Back to the present

This old rock planet gets the present for a present on its birthday every day.

— Annie Dillard (1974, 103)

Innocence sees that this is it, and finds it world enough, and time.

— Annie Dillard (1974, 83)

If your mind is empty, it is always ready for anything; it is open to everything. In the beginner’s mind there are many possibilities; in the expert’s mind there are few.

Shunryu Suzuki (1970, 21)

Experiencing the present purely is being emptied and hollow; you catch grace as a man fills his cup under a waterfall.

— Annie Dillard (1974, 82)

Mindfulness is remembering to come back to the present moment. The character the Chinese use for ‘mindfulness’ has two parts: the upper part means ‘now,’ and the lower part means ‘mind’ or ‘heart.’

— Thich Nhat Hanh (1998, 64)

What has gone? How it ends?
Begin to forget it. It will remember itself from every sides, with all gestures, in each our word. Today’s truth, tomorrow’s trend.
Forget, remember!

Yet’s the time for being now, now, now.

Finnegans Wake, 250

4 thoughts on “Back to the present”

  1. An extraordinarily thought-provoking group of quotations (plus the photograph). I’ve forwarded it by Facebook and email to many; and I’m already receiving very positive responses in return. Of course I encourage all to read Turning Signs.

  2. Thank you Gary! If my book becomes a best-seller or “goes viral” I know you’ll be the main reason.

    For many years I’ve had on my website an anthology of aphorisms called “Seednet,” collected over decades of reading. Now it’s being absorbed into Turning Signs, parts of it being recycled and regrouped and reused as blog posts like this one, with new hyperlinks added. I’m happy to hear that it’s finding an audience!

    By the way, the photo I inserted into this post is of the falls in Paterson, New Jersey. I chose this photo under the influence of the Jim Jarmusch film *Paterson*, which I highly recommend to thoughtful movie lovers, and the long poem of that name by William Carlos Williams which inspired the film. It’s all one vast interconnected sign …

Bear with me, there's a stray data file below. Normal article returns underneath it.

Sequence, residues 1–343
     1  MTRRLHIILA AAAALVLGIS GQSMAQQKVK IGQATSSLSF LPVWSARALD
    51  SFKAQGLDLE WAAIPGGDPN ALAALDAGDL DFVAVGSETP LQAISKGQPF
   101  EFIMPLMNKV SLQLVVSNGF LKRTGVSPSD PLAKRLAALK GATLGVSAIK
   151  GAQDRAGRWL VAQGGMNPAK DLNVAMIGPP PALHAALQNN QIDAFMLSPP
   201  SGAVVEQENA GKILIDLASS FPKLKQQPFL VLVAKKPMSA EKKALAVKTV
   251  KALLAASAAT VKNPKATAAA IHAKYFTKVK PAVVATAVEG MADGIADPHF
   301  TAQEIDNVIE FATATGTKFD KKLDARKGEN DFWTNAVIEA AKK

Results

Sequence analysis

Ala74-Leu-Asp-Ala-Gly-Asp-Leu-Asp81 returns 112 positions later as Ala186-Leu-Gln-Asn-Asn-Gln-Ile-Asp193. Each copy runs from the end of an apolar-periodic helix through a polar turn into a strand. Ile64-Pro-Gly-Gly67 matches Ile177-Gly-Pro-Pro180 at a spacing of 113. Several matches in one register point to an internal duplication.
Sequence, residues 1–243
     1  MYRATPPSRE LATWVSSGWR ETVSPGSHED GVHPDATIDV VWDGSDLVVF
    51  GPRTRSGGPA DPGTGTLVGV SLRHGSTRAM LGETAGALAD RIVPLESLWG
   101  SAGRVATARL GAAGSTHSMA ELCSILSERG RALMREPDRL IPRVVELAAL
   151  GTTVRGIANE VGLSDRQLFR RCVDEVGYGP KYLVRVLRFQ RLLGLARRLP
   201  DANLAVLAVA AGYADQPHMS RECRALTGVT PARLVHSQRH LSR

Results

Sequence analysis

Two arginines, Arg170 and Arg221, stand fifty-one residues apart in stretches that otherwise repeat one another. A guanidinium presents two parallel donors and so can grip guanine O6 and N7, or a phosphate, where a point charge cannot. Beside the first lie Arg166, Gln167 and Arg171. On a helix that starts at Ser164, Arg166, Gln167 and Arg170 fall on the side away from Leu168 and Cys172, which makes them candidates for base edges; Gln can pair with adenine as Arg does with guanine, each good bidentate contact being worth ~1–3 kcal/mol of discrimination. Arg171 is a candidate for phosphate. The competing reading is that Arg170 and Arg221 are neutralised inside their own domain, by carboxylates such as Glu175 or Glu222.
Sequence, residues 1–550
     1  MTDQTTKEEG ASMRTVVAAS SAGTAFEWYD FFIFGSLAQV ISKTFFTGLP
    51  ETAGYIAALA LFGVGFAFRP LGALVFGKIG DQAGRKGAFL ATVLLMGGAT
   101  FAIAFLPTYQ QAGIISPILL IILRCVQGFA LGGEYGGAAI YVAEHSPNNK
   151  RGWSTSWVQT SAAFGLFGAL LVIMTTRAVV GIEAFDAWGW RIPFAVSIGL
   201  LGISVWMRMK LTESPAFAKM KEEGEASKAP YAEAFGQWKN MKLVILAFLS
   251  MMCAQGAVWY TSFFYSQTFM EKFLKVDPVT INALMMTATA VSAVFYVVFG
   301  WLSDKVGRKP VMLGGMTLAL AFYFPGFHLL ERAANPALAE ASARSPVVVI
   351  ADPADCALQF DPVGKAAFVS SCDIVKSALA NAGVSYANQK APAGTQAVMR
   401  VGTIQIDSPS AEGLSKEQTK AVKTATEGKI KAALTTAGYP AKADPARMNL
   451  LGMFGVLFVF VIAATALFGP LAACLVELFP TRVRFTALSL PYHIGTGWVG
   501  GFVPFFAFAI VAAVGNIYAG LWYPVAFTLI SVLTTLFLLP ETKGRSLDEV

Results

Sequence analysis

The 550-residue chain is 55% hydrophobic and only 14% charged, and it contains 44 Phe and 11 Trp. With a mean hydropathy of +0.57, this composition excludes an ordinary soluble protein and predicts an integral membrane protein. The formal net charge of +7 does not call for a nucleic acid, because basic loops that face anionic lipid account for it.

3. I sincerely hope that TS becomes a best seller as, imho, many would benefit greatly from your life long reflections on that Seednet of yours (and no doubt much more since). I know at least two friends who are currently reading TS, Carol Eilenberg, a visual artist friend, and an old college girl friend, Pamela Bayes (she lives in Scotland most of the year, in Grand Rapids during parts of the summer) and they are both finding it extraordinary.

    James and I once went looking for the Patterson Falls one afternoon without much luck. But we were pressed for time and didn’t really have an address. Now I’ll definitely want to find it as well as read the WCW poem at least, may hunt up the film.

    Btw, I wouldn’t have seen the post I’m responding to if Pam hadn’t noted that she’d written to you, so I checked your blog. Apparently your replies to responses to your blog posts aren’t automatically sent to the responder. Is that so?

  4. Morning Gary,

    You’re right, my replies to responses to blog posts are not automatically sent to the responder. But I’ve just added a checkbox so that commenters on a post can be notified of any further responses or comments on it. (I could make that automatic, but not sure if that’s a good idea!) We’ll see how that works … Also, from now on I’ll reply directly by email, as well as (or instead of) posting my reply on the blog. I do get notified by email when anyone posts a comment; if it’s a new commenter, I have to approve it before it appears on the blog (to avoid spam comments).

    Thanks again for all your help!

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